Florida’s infamous anti-immigration law, SB 1718, gained national prominence in 2022 when Governor Ron DeSantis transported a group of mostly Venezuelan asylum seekers and migrants from Texas to Martha’s Vineyard in Massachusetts as a callous demonstration against the current administration’s federal immigration policies.
Effective as of July 1st, 2023, SB 1718 is already devastating Latinx communities and confusing lawyers and businesses alike regarding how these laws can and will be enforced. The new law—which deviates drastically from federal immigration laws—will not only allocate $12 million for Governor DeSantis’s plan to relocate migrants but it contains several provisions aimed at harming and weakening immigrant families, including:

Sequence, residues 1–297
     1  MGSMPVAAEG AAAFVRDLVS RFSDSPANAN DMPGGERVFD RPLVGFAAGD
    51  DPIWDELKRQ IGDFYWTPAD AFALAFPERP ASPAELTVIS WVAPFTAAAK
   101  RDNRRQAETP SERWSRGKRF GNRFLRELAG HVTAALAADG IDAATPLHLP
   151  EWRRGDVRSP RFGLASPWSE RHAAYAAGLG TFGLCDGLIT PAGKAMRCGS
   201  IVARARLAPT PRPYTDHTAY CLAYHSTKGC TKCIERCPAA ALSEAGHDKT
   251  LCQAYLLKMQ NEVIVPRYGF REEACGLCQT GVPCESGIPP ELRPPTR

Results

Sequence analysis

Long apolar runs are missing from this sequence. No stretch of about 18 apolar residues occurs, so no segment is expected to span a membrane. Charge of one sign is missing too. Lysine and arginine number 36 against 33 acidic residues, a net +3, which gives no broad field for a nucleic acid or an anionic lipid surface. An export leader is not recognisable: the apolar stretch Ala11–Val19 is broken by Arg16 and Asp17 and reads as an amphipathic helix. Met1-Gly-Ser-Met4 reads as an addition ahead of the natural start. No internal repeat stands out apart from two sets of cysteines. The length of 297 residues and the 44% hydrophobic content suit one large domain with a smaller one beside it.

- E-Verify Requirements: Businesses with more than twenty-five employees will now be required to verify their employees’ immigration status and work eligibility through E-Verify, the federal government’s platform to confirm worker’s eligibility to work in the US.
- Redefining Human Smuggling: Any person transporting undocumented immigrants who have not been “inspected” by authorities could be charged with a felony for human smuggling, whether they knew of the immigrants’ statuses or not.
- Curbing Access to Medical Care: Hospitals that accept Medicaid will now be required to include an immigration question on intake forms.